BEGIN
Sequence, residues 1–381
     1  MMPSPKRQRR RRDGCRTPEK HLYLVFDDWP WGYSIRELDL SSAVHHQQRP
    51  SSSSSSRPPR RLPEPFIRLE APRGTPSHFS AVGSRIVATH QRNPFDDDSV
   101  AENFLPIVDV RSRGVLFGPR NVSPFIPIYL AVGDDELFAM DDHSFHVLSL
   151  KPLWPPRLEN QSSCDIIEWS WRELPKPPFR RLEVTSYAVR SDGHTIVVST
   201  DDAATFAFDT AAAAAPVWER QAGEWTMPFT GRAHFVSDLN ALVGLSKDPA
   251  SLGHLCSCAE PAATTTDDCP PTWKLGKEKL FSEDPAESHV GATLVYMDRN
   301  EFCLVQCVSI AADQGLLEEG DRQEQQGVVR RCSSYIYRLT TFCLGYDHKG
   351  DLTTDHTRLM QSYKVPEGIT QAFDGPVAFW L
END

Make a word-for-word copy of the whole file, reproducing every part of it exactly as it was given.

Sequence, residues 1–381
     1  MMPSPKRQRR RRDGCRTPEK HLYLVFDDWP WGYSIRELDL SSAVHHQQRP
    51  SSSSSSRPPR RLPEPFIRLE APRGTPSHFS AVGSRIVATH QRNPFDDDSV
   101  AENFLPIVDV RSRGVLFGPR NVSPFIPIYL AVGDDELFAM DDHSFHVLSL
   151  KPLWPPRLEN QSSCDIIEWS WRELPKPPFR RLEVTSYAVR SDGHTIVVST
   201  DDAATFAFDT AAAAAPVWER QAGEWTMPFT GRAHFVSDLN ALVGLSKDPA
   251  SLGHLCSCAE PAATTTDDCP PTWKLGKEKL FSEDPAESHV GATLVYMDRN
   301  EFCLVQCVSI AADQGLLEEG DRQEQQGVVR RCSSYIYRLT TFCLGYDHKG
   351  DLTTDHTRLM QSYKVPEGIT QAFDGPVAFW L